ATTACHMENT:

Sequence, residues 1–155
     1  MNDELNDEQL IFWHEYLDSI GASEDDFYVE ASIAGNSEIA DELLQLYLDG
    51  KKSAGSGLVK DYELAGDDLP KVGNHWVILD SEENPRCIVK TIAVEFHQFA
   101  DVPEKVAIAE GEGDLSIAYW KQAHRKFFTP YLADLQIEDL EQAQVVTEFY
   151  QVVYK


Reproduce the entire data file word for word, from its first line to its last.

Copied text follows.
Sequence, residues 1–155
     1  MNDELNDEQL IFWHEYLDSI GASEDDFYVE ASIAGNSEIA DELLQLYLDG
    51  KKSAGSGLVK DYELAGDDLP KVGNHWVILD SEENPRCIVK TIAVEFHQFA
   101  DVPEKVAIAE GEGDLSIAYW KQAHRKFFTP YLADLQIEDL EQAQVVTEFY
   151  QVVYK